In those simple words, my friends, Lord Hale laid down a standard which, in theory at least, has been the definition of common law with respect to the authority of Government over public utilities from that day down to this.
With the advance of civilization, many other necessities of a monopolistic character have been added to the list of public utilities, such as railroads, street railways, pipelines and, more lately, the distribution of gas and electricity.
The principle was accepted, firmly established, and became a basic part of our theory of Government long before the Declaration of Independence itself. The next problem was how to be sure that the services of this kind should be satisfactory and cheap enough while at the same time making possible the safe investment of private capital.
For more than two centuries, the protection of the public was vested in legislative action, but with the growth of the use of public utilities of all kinds in these later days, a more convenient, direct and scientific method had to be adopted--a method which you and I now know as control and regulation by public service or public utility commissions.
Let me make it clear that I have no objection to the method of control through a public service commission. It is, in fact, a proper way for the people themselves to protect their interests. In practice, however, it has in many instances departed from its proper sphere of action, and, I may add, has departed from its theory of responsibility. It is an undoubted and undeniable fact that in our modern American practice the public service commissions of many States have often failed to live up to the very high purpose for which they were created. In many instances their selection has been obtained by the public utility corporations themselves. These corporations, to the prejudice of the public, have often influenced the actions of public service commissions. Moreover, some of the commissions have, either through deliberate intent or through sheer inertia, adopted a theory, a conception of their duties wholly at variance with the original object for which they were created.
Let me illustrate: When I became Governor, I found that the Public Service Commission of the State of New York had adopted the unwarranted and unsound view that its sole function was to act as an arbitrator or a court of some kind between the public on the one side and the utility corporations on the other. I thereupon laid down a principle which created horror and havoc among the Insulls and other magnates of that type.
I declared that the Public Service Commission is not a mere judicial body to act solely as umpire between complaining consumer or the complaining investor on the one hand, and the great public utility system on the other hand. I declared that, as the agent of the Legislature, the Public Service Commission had, and has, a definitely delegated authority and duty to act as the agent of the public themselves; that it is not a mere arbitrator as between the people and the public utilities, but was created for the purpose of seeing that the public utilities do two things: first, give adequate service; second, charge reasonable rates; that, in performing this function, it must act as agent of the public, upon its own initiative as well as upon petition, to investigate the acts of public utilities relative to service and rates, and to enforce adequate service and reasonable rates.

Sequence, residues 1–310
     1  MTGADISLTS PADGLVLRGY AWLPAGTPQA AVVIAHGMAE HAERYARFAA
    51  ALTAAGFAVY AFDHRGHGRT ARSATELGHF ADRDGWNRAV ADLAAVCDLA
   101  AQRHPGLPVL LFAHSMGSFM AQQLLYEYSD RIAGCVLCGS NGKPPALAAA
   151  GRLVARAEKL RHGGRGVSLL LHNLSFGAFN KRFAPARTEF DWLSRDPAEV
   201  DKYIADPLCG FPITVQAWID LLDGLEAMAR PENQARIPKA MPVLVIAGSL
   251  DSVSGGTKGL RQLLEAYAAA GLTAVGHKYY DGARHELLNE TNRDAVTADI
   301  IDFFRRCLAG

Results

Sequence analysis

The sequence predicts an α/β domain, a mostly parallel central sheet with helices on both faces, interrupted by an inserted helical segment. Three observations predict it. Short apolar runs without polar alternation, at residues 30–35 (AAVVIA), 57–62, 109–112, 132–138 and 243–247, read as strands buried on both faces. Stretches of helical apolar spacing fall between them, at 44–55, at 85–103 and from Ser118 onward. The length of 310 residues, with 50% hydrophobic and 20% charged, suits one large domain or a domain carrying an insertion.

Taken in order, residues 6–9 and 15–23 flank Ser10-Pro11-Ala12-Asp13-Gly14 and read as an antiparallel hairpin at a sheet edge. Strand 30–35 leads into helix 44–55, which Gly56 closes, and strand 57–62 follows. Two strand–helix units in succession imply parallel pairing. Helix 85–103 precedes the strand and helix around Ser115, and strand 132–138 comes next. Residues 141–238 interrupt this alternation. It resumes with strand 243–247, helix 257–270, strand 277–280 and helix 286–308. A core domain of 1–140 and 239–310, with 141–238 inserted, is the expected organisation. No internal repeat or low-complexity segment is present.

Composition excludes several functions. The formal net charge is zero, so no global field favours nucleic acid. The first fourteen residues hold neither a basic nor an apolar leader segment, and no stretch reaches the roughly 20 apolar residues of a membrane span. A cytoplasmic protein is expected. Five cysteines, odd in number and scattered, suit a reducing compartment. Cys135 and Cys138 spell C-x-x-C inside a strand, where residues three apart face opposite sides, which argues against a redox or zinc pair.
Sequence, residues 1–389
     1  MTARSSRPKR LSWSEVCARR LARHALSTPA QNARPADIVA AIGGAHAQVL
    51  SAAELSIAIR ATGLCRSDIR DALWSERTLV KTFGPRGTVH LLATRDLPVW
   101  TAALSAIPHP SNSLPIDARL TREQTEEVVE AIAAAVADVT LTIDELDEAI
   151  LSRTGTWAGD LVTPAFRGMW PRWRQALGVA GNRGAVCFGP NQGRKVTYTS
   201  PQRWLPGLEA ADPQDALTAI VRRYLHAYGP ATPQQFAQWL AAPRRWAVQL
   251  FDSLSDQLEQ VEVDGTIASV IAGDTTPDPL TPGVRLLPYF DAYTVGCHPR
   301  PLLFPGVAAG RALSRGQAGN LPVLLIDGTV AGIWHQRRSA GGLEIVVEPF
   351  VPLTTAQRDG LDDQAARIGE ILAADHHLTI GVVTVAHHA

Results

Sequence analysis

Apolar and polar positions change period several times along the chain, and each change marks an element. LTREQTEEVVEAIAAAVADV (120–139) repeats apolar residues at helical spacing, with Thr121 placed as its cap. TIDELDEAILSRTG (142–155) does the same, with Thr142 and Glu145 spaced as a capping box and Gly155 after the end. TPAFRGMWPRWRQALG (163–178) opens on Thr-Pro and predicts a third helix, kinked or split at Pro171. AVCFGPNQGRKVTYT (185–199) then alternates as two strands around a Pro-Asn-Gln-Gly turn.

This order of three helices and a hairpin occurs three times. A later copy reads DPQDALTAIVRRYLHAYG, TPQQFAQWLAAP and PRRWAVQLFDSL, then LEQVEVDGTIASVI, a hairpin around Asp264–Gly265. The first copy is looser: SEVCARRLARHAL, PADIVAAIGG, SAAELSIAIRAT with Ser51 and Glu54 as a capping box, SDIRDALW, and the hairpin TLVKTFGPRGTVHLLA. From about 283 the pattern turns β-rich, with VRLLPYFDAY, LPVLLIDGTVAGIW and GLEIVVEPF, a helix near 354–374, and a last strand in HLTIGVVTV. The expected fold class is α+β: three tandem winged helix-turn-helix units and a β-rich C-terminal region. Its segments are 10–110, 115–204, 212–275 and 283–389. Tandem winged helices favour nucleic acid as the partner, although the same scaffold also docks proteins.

The regulating commission, my friends, must be a Tribune of the people, putting its engineering, its accounting and its legal resources into the breach for the purpose of getting the facts and doing justice to both the consumers and investors in public utilities.
Now, I come to another principle which, in spite of having been befogged and bedeviled by many utility companies--and, I am sorry to say, by many of our courts as well--is nevertheless clear and simple when you get down to the roots of it.
The ferryman of old, under King James, through regulation and control of the Government, was compelled to give fair service for a fair return on his labor and a fair return on his property. It is only in recent days that the direct descendants of the old English ferryman have in hundreds of cases found ways of paying to themselves inordinate and unreasonable profits and overcapitalizing their equipment, three, five--yes, even ten times the money which they themselves have put into it.
Our good friend, Senator Norris, of Nebraska, using the figures of the Federal Trade Commission, summarized this in a great speech in the Senate of the United States only two months ago. He pointed out the overcapitalization of many companies by name, in definite figures, and summed up the discussion by setting forth in round numbers that these main companies had been found to be overcapitalized to the extent of $520,000,000.
This means, my friends, that the people of the United States were called upon to supply profits upon this amount of watered stock. It means that someone was deriving profits from the capitalization into which he had put no substantial capital himself. It means that the people had to pay these unjust profits through higher rates.